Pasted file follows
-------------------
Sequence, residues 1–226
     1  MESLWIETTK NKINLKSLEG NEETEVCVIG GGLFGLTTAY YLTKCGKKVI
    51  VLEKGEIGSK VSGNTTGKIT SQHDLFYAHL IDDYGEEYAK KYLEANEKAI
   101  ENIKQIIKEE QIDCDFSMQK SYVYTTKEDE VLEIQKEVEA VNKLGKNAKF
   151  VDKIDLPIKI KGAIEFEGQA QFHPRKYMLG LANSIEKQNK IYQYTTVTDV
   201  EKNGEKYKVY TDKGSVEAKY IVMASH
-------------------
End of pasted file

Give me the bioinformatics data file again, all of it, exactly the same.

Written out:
Sequence, residues 1–226
     1  MESLWIETTK NKINLKSLEG NEETEVCVIG GGLFGLTTAY YLTKCGKKVI
    51  VLEKGEIGSK VSGNTTGKIT SQHDLFYAHL IDDYGEEYAK KYLEANEKAI
   101  ENIKQIIKEE QIDCDFSMQK SYVYTTKEDE VLEIQKEVEA VNKLGKNAKF
   151  VDKIDLPIKI KGAIEFEGQA QFHPRKYMLG LANSIEKQNK IYQYTTVTDV
   201  EKNGEKYKVY TDKGSVEAKY IVMASH